Nanotale Typing Chronicles: Master Tapping

Finally, a game where I ooze skills: typing. Nanotale Typing Chronicles is out now on Steam and will increase your vocabulary.

Before the release date drifts past and we’re talking about this game as if it were from a bygone era, let me tell you a little something about Nanotale Typing Chronicles – out today on Steam.

First of all, it’s a typing adventure and part of the Typing Chronicles franchise by Flying Cactus. Before registering that as an educational piece (if you’re rehearsing for a spelling bee, it might help), it is, in fact, a fantasy tale with a focus on spells and being one with nature in a dreamy land that is unfortunately dying.

Your part is an archivist named Rosalind. Unlike a stereotypical academic sporting Clubmasters, she can handle herself by boasting magical powers. However, instead of unleashing a tirade of unheard of spells with up, down, left, right, A and B, she spells out relevant words to her plight.

I somewhat feel for the lower ranking beasts you encounter who she deems as ‘criminal’, but spelling words like ‘hurt’ are more appropriate and easier on the old digits. The highlight here is we typists make Gandalf look like a boy scout. Almost any word thrown up on the screen, and I’d bash the keyboard as if pulling off those combos for Lei Wulong in Tekken 2 back on the PlayStation. Heritage for you.

Nanotale Typing Chronicles - Fishy
Fishy. Source: Steam

Speaking of heritage, don’t let my gaming experience give the illusion that I know a thing or two about a thorough review. I played this solely on a keyboard and didn’t experiment with a controller. Before you shout that Nanotale Typing Chronicles is a typing adventure, and it’s pretty hard to spell ‘prat’ on a controller, you still have to move Rosalind around with the keyboard.

Switching between the spells (literally) and movement were a bit problematic for me. By default, she moves with E, S, D, F, and while that’s not going to put your hands out of action for a week or two, it’s a little confusing if you learned to type with the home keys. Perhaps I lack that nimbleness to shift.

Another aspect of the mechanic that will determine your progress is if you’re a touch typist. For the whole of this review, I haven’t once looked at my fingers or the keyboard. Actually, I just did, having written the last sentence. My PC setup uses a mechanical keyboard, and I seldom write on it, so reading the words on the screen and typing them up when there’s a dozen or so there at a time can be tricky.

Nanotale Typing Chronicles - Shrooms
Shrooms. Source: Steam

In fact, for the first half an hour or so, I was mildly cocky, thinking that I’d beat the game in one go. Wiping that smug sentiment off my chops, the waves came in thick and thin, with larger enemies to tackle that could clear ground faster than the others. Additionally, the words become a little more tricky to type – especially if it’s a word you’re unfamiliar with and start searching your own databanks for the meaning. Too late: you’ve been attacked.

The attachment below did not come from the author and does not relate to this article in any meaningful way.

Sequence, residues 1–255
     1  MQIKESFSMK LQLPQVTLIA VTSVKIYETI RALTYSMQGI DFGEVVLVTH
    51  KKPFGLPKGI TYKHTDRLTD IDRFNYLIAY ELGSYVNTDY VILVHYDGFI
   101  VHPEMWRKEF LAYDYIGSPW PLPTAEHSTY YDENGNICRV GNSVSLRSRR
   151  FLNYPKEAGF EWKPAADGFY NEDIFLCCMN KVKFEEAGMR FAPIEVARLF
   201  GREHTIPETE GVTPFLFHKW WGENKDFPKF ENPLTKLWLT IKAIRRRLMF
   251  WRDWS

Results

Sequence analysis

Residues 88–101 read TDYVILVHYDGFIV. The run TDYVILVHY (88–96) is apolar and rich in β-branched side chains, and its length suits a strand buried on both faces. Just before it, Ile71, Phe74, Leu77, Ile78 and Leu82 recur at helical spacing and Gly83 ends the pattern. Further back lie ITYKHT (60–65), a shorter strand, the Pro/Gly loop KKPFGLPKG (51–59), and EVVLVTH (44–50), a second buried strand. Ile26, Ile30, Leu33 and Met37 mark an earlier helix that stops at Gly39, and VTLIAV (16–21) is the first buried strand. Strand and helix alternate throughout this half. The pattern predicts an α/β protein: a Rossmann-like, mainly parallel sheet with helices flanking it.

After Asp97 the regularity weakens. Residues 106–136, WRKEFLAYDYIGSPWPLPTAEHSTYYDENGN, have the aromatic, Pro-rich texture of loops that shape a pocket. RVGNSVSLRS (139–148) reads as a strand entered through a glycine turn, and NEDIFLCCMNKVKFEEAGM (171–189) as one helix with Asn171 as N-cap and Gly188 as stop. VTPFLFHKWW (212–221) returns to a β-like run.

It’s important to note that when Rosalind performs these spells, she whips out her book to a complete standstill, so referring back to the switch in keyboard presses, you have to exit the spell mode quickly, dash to safety, then start spelling again.

It’s not all about combat though, as you meet a good deal of NPCs along the way with plenty to say. A cool dialogue option is typing the keyword that interests you rather than from a dropdown selection. This was a really good aspect, and felt like my choices meant something. In the conversation, at least.

Nanotale Typing Chronicles - I'm not Groot
I’m not Groot. Source: Steam

More importantly, Rosalind isn’t a mage but an archivist. She’s collecting samples to ascertain why this world is falling to corruption. The more assets you inspect – spelling out words as per the combat – the higher her skill set and spells, allowing you to invest in stat increases based on your play style. Run faster and all that jazz. By the way, early on, you rescue a spirit fox and to repay your deed, you can summon it to transport you about the lands (it also helps out in combat on some occasions).

It’s fair to say I didn’t come into Nanotale Typing Chronicles with much expectations other than there would be lots of typing. There’s plenty of balance here for exploration, story development, RPG-like levelling in places and of course, combat. What I didn’t realise was that this would be quite a heartwarming experience.

The fundamental level design is mostly the same with similar type fetch quests, but they have a charm to them that makes you want to explore and type every single word you see, regardless of the consequences! Visually Nanotale Typing Chronicles is very lovely to look at, and the narration and overall voice talent in the game are a highlight.

There isn’t much to choose from in the typing genre unless opening up a Word document is your kink. Still, regardless of that lack of choice, Nanotale – Typing Chronicles is a game that deserves further investigation and a refreshing input option that isn’t button mashing but frantically typing as many words as you can whilst being fun. I like.